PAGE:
I attended a family function recently, and as I entered the gathering, I was inundated with sensory information. Here's what I processed in the first minute: There were dozens of people, who I barely knew, eating their lunch and talking; dogs were running around, including my own who is a bit fond of other people's food; family members approaching me to give me a hug; children making their typical loud noises; asking a fellow partygoer where the beverages were and having her bolt across the room to get not only my drink, but also drinks for four other people; feeling embarrassed because I didn't intend for her to go out of her way like that; and sitting down to eat as my uncle and mom both simultaneously tried to strike up conversations with me. I tried to listen and smile politely, but I wanted to just disappear.
Does this sound familiar? If so, you might be a highly sensitive person (HSP). Much of our understanding of this trait comes from clinical psychologist Dr. Elaine Aron, and you can take the HSP self-test on her website. According to Dr. Aron, approximately 15 to 20 percent of the population is highly sensitive; in fact, it is likely a trait you inherited.
HSPs take in sensory information in a very easy and evolved way. Noises, smells, and visual details that non-HSPs would likely ignore are easily noticed and processed by HSPs.
While I would classify myself as a moderate HSP, there are certain triggers I now recognize that amplify my sensitivity, and lack of sleep is one of them. Having stayed up late to play cards the night before factored into my reaction at the party the next day.
Here are eight survival strategies for HSPs:
- Get adequate sleep. Your body needs adequate recovery time from the stimulation. Seven to eight hours is critical.
- Have an out. If you are going to be spending time with a group of people who have many activities planned, particularly in a short amount of time, have an exit strategy in place in case you get overstimulated.
- Schedule daily downtime. HSPs need time to unwind and think over the day.
- Limit or avoid caffeine. For non-HSPs, caffeine may provide a little boost, but for HSPs, caffeine is rocket fuel that can actually cause overarousal and impede performance.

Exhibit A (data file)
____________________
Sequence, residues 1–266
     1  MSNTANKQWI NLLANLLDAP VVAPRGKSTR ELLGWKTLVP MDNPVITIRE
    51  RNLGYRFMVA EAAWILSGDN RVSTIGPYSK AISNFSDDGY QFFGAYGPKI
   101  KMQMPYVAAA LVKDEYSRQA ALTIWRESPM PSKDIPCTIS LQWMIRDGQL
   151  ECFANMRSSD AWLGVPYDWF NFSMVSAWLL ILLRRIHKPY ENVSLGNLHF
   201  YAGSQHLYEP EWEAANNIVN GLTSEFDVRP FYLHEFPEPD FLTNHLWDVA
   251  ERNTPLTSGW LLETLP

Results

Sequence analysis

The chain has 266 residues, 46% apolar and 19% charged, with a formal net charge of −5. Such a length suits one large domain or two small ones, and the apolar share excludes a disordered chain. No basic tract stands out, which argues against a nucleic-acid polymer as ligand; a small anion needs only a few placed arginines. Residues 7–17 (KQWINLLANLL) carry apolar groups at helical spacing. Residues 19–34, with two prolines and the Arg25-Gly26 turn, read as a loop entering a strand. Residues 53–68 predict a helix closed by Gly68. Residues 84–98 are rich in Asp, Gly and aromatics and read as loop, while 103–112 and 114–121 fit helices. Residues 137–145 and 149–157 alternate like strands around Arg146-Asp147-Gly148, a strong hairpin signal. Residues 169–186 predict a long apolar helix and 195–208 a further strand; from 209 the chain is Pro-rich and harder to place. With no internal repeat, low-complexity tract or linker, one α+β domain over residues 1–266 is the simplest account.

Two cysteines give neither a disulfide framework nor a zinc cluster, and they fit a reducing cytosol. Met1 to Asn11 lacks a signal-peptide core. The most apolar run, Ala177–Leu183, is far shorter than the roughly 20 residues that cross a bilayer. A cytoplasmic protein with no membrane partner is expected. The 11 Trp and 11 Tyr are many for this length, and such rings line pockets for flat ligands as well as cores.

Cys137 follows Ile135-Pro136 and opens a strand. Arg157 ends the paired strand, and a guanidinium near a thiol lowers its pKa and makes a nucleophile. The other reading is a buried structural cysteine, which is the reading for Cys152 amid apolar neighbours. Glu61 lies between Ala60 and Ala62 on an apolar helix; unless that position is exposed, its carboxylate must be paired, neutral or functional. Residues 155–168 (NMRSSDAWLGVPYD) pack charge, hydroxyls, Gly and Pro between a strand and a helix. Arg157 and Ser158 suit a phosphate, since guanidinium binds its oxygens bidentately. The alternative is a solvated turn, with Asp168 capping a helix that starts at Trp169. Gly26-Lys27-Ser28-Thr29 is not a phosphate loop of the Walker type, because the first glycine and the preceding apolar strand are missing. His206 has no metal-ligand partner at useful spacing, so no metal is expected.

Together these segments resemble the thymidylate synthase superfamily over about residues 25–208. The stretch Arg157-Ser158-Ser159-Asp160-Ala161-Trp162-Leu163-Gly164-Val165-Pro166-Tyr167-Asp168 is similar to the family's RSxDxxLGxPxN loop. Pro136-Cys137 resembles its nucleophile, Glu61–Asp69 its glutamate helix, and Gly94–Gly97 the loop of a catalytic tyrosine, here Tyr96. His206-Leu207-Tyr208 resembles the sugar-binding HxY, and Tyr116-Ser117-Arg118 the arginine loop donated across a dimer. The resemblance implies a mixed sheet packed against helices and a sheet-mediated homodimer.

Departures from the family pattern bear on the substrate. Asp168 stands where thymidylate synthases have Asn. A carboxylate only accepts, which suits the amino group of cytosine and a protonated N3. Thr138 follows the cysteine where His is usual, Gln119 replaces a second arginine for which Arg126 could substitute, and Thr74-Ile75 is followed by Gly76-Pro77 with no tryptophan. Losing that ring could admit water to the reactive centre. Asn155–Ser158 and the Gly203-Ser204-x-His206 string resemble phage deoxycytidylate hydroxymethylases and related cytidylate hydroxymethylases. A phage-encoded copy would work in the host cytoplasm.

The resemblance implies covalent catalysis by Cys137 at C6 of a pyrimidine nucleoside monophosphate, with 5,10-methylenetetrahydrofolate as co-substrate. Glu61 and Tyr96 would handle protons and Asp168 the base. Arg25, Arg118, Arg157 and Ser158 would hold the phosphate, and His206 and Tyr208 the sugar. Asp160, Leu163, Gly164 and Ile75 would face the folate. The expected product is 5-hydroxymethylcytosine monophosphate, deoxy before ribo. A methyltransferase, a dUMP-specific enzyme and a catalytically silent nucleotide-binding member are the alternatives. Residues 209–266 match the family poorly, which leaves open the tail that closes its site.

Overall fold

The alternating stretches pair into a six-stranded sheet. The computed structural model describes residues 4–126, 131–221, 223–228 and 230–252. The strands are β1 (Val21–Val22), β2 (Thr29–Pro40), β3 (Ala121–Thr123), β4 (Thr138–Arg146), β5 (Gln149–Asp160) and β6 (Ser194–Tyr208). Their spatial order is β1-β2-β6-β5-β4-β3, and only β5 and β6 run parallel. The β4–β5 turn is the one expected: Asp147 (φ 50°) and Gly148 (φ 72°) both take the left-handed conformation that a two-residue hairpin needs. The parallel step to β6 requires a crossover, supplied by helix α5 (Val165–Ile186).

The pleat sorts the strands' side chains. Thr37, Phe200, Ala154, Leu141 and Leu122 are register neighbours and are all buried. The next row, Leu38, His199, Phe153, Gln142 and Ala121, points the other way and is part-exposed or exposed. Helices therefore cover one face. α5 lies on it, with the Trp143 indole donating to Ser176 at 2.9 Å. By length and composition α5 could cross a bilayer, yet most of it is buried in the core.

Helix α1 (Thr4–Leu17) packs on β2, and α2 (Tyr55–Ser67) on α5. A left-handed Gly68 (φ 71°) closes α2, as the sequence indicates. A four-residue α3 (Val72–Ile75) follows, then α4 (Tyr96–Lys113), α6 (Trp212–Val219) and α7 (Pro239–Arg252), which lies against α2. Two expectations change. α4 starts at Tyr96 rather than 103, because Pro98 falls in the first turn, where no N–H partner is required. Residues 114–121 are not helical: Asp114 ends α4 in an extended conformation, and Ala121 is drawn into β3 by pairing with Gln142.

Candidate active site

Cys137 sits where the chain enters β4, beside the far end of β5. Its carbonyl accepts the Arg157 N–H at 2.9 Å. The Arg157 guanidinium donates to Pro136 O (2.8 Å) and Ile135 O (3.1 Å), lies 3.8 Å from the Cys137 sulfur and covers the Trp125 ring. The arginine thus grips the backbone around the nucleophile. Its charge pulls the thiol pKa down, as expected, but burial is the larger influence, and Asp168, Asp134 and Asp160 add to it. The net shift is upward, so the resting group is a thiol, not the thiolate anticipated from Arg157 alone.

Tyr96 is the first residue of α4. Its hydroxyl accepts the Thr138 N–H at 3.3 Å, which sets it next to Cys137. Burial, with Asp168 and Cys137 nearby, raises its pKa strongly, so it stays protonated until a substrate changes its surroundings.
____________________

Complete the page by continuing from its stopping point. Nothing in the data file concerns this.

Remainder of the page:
- Reframe the situation. Find an alternative way to view the event.
- Go outside. Many HSPs find nature very soothing. I love spending time by lakes and bodies of water.
- Take frequent breaks. Your body needs time to process, and then recover from, the stimulation.
- Set boundaries. As an HSP, it's easy to get stuck handling other people's messes and get involved in situations that aren't really your problem. Setting boundaries will help curb your natural tendency to do this.
Learning about Dr. Aron's research gave me a tremendous sense of relief because I couldn't quite figure out what was "wrong" with me. It explained why I could pick up on social cues that my parents, husband, and friends totally missed, and why I have such an extreme reaction to violent movies (Saving Private Ryan almost made me bolt from the theater).
Being an HSP takes some getting used to and I still have some bad days, but I'm thankful for the understanding that I now have and appreciate the good parts of this trait.
Paula Davis-Laack, JD, MAPP is an internationally published author and stress and resilience expert. She has trained over a thousand professionals is skills that build stress management and resilience. Her online magazine, Build Your Strong, helps busy professionals manage stress and build strong, happy, healthy lives. Paula's website is www.pauladavislaack.com, and you can reach her at email@example.com. She is available for speaking engagements, workshops, and media opportunities.
 Aron, E. (1996). The Highly Sensitive Person: How to Thrive When the World Overwhelms You. New York: Broadway Books and Three Rivers Press.
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